Tag Archives: humorous

Laugh It Up!

by Katrina Morse for Family Reading Partnership

Humor can help create friendships, make difficult situations easier, and can make children beg for more books. Humor can work wonders! A lot of humor is based on portraying a skewed view of a normal situation. Children age 3 to 4 and up can start appreciating how something should be, and then the funny alternative way it is described in words and pictures.

What if animals took over a farm for the farmer? What if cows could type? What if you knew a woman named Mrs. Submarine or a housefly that danced? Characters changing places and play on words make stories silly and encourage creative thinking.

Laugh it up with these funny books:

“Buggy Riddles” by Katy Hall and Lisa Eisenberg, pictures by Simms Taback. This is a book of riddle just right for a young child. Q: How do you start a lightning bug race? A: On your mark! Get set! Glow! and Q: What does a fruit fly do in a cornfield? A: goes in one ear and out the other! Look for the many other riddle books by these two authors.

“Rainy Morning” by Daniel Pinkwater, illustrated by Jill Pinkwater. One rainy morning a husband and wife are having hot, corn muffins for breakfast. “Would you like another breakfast, dear?” Mrs. Submarine asks her husband. “I’ve had two breakfasts already,” Mr. Submarine says. “But it is raining very hard. I will have one more breakfast, please, but just a small one.” From there, you won’t believe who joins them for a muffin!

“Cows in the Kitchen” by June Crebbin, illustrated by Katharine McEwen. Pigs in the pantry? Ducks in the dishes? Hens on the hat stand? Silly, silly, pre-school silliness!

“Click, Clack, Moo: Cows that Type,” written by Doreen Cronin, illustrated by Betsy Lewin. A Caldecott Award winner for its bold and whimsical illustrations, this book is reportedly humorous to even two year-olds. Cows can’t type! Cows don’t use electric blankets! Look closely at the illustrations for some surprises.

“Quiet Night” by Marilyn Singer, illustrated by John Manders. A cumulative story that starts with one very large mouthed frog croaking “Ba-rum!” and ends with ten campers yawning on a now noisy night. The exaggerated illustrations are even funnier than the noises.

“Quick! Turn the Page!” By James Stevenson. An interactive story that will tickle your child’s funny bone. This may become your new favorite family book!


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Now That’s Funny!

What makes us laugh? Something you don’t expect—like using a hammer made out of rubber to try to pound in a nail. Something out of place—like seeing an elephant taking a stroll in the park. Contrasting things put together—like watching a purple goldfish trying to ride a rickety red bike. When it’s a surprise, you can’t help but giggle!

What a joy to hear your little child’s first belly-laugh! Often all it takes is a game of peak-a-boo to start the smiles. Or a funny sound like paper ripping can make a small child grin from ear to ear. As your child grows, his sense of humor will get more sophisticated and he will start telling jokes and noticing funny things around him. “Look mom, that kitten is trying to catch a bumblebee! Dad, that cloud looks like grandpa’s face!”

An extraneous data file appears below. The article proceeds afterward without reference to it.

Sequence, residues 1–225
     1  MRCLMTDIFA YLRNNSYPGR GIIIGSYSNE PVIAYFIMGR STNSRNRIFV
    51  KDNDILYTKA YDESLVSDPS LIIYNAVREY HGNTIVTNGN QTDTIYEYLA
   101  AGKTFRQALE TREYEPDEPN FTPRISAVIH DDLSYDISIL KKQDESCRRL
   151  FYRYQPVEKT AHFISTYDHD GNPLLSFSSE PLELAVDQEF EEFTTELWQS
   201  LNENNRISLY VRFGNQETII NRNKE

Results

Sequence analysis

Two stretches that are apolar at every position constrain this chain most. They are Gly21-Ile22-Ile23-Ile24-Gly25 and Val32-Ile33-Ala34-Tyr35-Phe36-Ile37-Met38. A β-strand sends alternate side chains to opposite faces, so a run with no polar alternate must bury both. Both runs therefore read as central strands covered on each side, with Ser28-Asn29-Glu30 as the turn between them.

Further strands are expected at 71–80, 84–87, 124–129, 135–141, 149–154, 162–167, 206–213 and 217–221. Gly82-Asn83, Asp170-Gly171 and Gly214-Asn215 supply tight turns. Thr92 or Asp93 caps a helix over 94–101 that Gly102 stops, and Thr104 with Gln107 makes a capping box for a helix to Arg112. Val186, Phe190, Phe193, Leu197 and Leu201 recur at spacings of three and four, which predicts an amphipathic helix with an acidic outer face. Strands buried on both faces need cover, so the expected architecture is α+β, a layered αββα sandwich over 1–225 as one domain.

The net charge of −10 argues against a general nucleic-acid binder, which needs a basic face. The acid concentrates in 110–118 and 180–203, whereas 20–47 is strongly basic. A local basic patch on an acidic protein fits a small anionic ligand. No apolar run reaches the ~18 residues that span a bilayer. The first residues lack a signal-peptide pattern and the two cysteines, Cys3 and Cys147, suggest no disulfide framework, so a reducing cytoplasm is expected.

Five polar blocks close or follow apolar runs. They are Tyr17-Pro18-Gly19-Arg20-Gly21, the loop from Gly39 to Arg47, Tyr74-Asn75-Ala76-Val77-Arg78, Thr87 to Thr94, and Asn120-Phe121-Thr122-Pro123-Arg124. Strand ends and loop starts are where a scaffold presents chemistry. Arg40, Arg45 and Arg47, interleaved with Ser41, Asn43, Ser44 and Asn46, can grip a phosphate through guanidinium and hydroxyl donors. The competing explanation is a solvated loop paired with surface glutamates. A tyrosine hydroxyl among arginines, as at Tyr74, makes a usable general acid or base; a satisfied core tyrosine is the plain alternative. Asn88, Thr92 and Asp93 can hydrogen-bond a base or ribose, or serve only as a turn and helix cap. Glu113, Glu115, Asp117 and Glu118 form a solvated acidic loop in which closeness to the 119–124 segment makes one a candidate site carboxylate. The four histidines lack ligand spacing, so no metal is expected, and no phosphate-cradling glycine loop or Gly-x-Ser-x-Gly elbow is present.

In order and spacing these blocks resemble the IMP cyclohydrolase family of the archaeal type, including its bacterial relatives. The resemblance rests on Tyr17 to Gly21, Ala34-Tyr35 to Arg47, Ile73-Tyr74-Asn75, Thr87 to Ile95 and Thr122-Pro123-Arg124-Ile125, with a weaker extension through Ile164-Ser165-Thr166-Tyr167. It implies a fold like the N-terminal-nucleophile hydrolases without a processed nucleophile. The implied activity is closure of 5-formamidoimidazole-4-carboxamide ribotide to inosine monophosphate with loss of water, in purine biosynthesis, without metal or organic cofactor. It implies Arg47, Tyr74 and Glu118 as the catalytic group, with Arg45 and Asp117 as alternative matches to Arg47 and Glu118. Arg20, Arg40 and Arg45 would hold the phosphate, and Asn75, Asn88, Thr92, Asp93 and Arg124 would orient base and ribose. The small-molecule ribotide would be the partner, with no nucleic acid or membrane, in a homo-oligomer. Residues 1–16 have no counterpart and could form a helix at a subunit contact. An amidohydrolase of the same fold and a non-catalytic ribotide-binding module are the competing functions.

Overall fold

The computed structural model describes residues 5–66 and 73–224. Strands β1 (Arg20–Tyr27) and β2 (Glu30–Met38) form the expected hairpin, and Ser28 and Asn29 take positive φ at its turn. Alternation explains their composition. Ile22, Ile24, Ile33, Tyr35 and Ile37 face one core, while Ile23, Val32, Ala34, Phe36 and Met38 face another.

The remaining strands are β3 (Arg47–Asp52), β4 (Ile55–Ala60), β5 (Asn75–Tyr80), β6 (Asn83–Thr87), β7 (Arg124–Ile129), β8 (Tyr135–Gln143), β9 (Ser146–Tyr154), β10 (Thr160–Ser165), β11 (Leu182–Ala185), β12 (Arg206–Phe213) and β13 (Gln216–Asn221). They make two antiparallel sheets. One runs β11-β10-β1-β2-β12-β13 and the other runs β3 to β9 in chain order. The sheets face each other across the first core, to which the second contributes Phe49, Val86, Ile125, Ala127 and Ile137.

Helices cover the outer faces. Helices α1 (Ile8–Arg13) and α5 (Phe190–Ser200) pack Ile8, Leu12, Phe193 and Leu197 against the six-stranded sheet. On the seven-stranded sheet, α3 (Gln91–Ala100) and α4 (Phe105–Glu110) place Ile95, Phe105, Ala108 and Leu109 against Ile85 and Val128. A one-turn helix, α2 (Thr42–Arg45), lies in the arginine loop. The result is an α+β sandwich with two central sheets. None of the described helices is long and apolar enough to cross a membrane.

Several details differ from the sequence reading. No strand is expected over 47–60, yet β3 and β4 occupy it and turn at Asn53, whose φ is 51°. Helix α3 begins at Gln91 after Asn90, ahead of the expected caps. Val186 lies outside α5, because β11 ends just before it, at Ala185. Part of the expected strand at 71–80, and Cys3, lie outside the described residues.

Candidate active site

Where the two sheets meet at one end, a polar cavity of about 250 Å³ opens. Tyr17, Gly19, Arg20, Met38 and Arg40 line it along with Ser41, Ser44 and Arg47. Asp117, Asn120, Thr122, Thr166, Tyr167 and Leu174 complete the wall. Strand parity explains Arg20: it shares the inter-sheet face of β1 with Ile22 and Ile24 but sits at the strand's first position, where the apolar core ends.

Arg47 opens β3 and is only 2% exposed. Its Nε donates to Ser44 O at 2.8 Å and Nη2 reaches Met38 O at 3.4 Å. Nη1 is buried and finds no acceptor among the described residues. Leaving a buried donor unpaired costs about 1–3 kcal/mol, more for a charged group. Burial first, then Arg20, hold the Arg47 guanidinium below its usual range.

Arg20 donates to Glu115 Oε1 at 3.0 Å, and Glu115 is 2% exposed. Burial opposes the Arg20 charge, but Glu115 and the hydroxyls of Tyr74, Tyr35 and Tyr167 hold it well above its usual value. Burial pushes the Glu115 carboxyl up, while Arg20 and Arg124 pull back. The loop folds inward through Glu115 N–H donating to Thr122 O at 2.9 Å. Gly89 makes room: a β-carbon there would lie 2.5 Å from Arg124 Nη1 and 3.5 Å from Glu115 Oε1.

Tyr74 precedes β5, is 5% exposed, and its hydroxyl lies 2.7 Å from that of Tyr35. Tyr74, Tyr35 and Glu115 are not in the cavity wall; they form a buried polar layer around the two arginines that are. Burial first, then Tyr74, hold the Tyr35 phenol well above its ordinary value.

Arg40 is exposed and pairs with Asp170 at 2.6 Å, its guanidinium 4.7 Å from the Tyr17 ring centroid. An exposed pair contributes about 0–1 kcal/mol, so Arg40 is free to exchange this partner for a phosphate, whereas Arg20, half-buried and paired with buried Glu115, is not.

Here are some funny books that will make you and your child both laugh:

Frankie“Frankie Works the Night Shift” by Lisa Westberg Peters, illustrated by Jennifer Taylor. This orange tabby cat is very active in the hardware store at night. Frankie “helps” in his own way and counts as he does his work so there is the added fun of learning numbers.  The illustrations, which are a combination of photos and drawing, are hilarious as they show what really happens when Frankie takes over the store.

“The Dog Who Cried Wolf” by Keiko Kasza. A pet dog is bored with his life.  Ho hum! But when he reads about the lives of wolves that get to hunt for their food and howl at the moon he wants to join the pack. He runs away, but finds out that it’s much cozier and easier to live at home as a dog.

Why Did the Chicken Cross the Road?

“Why Did the Chicken Cross the Road?” a book with 14 illustrators including Mo Willems, Tedd Arnold, Jerry Pinkney, and Marla Frazee. Each artist was asked to create the answer to that age-old chicken crossing the road question. You’ll see some very funny artwork with varied humor and illustration styles.

“Samantha on a Roll” by Linda Ashman, pictures by Christine Davenier. Samantha puts on some roller skates and flies all over the town, collecting items from each person she side-swipes. She gets a butterfly net, a bridal veil, and then a kite. When she finally gets home she finds out that her mother didn’t even know she was gone!

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